Why Lifting Weights Doesn’t Necessarily Lead to Bulking

I don’t know how many times I’ve heard the comment, “When I start lifting leg weights, my jeans start to feel tighter.”

Rest assured, lifting weights won’t lead to excessive muscle bulk, unless you go out of your way to make that happen.

Most of us have muscles that have adapted to being at a desk. When you start lifting weights, your muscles will almost immediately start to get stronger and more toned. As a result, if you’re lifting leg weights, it’s likely your jeans will start to feel a little more snug around the thigh area. But there’s no need to be alarmed—it just means that what you’re doing is working.

The change in muscle shape or tone happens in the early stages of lifting weights, but as you continue to work out, it plateaus. Your thighs won’t keep getting bigger and bigger, nor will you need to get larger jeans!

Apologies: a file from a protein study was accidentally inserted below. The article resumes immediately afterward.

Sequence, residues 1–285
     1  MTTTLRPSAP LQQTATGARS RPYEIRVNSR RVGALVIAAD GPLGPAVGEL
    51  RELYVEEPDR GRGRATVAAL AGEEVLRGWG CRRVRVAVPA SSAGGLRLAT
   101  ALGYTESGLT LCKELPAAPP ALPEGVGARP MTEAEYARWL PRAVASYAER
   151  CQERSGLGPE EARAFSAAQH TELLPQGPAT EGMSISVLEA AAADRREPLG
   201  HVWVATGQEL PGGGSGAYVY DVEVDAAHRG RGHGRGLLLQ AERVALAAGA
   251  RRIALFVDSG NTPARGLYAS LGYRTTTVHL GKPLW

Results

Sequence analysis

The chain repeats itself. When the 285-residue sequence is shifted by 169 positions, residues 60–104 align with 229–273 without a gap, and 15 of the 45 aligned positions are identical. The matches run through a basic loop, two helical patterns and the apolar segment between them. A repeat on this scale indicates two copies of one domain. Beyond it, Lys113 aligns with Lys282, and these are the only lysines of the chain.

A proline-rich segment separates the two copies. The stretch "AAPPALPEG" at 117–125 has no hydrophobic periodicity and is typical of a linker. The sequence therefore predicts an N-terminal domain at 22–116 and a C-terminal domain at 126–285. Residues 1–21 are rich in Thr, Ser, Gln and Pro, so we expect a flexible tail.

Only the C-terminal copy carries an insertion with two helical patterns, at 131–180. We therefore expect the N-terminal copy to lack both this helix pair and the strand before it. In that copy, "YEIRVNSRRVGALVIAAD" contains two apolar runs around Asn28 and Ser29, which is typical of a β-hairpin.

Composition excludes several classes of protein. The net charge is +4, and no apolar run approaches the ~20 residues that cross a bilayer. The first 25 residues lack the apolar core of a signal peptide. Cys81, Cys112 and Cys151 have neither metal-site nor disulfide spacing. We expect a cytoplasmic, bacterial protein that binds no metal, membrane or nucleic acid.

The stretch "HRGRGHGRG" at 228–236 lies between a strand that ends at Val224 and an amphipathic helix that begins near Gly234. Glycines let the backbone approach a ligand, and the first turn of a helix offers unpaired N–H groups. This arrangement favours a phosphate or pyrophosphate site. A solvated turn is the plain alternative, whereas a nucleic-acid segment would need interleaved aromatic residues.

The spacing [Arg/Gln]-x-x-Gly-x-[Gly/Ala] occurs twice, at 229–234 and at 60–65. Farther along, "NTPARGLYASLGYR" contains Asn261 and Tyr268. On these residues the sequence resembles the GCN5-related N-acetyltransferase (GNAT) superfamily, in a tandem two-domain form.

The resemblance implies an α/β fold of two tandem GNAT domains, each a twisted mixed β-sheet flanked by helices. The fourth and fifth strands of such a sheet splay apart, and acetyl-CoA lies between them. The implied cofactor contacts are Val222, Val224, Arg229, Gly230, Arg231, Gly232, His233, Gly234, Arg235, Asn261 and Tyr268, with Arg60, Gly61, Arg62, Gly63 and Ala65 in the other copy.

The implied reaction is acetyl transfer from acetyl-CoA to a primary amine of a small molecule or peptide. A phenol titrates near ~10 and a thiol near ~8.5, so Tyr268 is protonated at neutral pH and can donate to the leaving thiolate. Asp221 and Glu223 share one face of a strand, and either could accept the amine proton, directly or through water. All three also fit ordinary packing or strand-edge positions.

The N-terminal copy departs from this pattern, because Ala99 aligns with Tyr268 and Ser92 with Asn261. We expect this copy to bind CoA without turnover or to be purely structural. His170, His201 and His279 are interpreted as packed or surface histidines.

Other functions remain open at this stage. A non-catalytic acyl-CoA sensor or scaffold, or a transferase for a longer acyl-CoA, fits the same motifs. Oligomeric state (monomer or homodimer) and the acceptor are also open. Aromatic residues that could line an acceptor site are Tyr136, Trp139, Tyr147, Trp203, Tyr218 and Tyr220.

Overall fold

In essence, muscle is really good for you. It’s like a sponge for blood sugar. (It gives you somewhere to keep your next dessert without it going straight to your butt.) Muscle is also very good for preventing diabetes, protecting your joints and helping keep your bones strong. What’s more, muscle helps control your weight.

And remember: Whether you do high-repetition light weights or low-repetition heavy weights, research tells us that our muscles will get stronger and more toned. Whichever way you choose to lift weights, the benefits will be worth it.

Bryce Hastings is a leading New Zealand physiotherapist and fitness expert. As Les Mills’ head of research, he leads research into the most effective approaches to exercise and plays a pivotal role in structuring all LES MILLS workouts. Hastings’ passion for effective movement is born from spending 30 years in physiotherapy, where he saw “people getting their lives wrong” every day and felt like he was acting as an ambulance at the bottom of the cliff. By working in fitness, he gets to be the fence at the top.

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This post originally appeared on LesMills.com.

Photo credit: John Arano, Unsplash